Comparison

Adjectives in Latin and English have degrees of comparison. In English we use "-er" or "more" to indicate the comparative degree which is used when two things are being compared: this apple is redder than that one; this book is more interesting. We use "-est" or "most" to compare more than two objects: this is the reddest apple I ever saw; this is the most interesting book.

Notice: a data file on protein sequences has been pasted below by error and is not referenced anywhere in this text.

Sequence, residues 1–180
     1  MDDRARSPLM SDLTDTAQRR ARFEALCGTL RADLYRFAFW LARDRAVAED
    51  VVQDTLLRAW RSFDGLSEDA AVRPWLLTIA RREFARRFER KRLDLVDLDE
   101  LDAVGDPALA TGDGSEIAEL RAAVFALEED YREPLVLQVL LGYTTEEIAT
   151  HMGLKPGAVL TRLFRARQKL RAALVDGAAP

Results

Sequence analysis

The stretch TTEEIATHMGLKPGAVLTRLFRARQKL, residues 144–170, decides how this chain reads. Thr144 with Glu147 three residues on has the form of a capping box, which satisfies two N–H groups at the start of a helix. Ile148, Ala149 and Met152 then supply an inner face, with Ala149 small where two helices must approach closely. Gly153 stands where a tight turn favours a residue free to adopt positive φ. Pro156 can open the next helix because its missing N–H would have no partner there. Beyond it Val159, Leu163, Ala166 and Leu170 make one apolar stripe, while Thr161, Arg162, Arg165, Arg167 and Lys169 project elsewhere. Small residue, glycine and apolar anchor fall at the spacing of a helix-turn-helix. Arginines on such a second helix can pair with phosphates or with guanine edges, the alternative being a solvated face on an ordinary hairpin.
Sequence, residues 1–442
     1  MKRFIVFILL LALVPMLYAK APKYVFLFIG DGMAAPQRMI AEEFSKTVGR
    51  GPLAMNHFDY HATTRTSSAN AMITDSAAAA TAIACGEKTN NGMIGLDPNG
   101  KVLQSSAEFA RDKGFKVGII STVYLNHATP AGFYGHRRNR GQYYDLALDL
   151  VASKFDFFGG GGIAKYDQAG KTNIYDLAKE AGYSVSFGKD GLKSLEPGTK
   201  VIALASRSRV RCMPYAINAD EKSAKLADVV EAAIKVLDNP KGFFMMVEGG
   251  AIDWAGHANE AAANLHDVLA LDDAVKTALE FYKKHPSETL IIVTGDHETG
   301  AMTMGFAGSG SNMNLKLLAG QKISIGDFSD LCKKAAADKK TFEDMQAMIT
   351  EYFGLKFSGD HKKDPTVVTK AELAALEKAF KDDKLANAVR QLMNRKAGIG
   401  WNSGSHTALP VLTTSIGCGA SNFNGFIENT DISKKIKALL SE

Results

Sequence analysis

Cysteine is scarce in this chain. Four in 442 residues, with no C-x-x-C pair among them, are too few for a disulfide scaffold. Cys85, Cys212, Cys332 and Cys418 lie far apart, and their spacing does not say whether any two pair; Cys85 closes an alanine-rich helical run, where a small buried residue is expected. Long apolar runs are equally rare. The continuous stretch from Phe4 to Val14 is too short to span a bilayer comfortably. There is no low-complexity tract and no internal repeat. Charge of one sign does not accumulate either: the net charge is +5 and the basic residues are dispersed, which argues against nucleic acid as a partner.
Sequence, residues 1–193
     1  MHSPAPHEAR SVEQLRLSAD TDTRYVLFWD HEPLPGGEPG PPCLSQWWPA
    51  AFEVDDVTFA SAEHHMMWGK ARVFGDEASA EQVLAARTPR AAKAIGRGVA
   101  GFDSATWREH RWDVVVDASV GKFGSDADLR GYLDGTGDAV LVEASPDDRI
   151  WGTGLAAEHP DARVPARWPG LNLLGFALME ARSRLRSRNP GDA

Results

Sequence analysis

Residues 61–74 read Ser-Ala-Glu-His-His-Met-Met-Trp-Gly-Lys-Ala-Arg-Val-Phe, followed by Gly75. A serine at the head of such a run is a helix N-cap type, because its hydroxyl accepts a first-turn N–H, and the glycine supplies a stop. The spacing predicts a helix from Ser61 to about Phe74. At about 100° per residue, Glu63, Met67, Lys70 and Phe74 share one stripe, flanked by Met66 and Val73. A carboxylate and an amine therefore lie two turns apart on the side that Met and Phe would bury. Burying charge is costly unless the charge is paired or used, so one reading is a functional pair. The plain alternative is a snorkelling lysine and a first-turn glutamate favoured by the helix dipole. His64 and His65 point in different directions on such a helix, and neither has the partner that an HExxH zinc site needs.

In Latin, the comparative degree is usually formed by adding -ior, -ius to the stem of the adjective.

The superlative degree is usually formed by adding -issimus to the stem.

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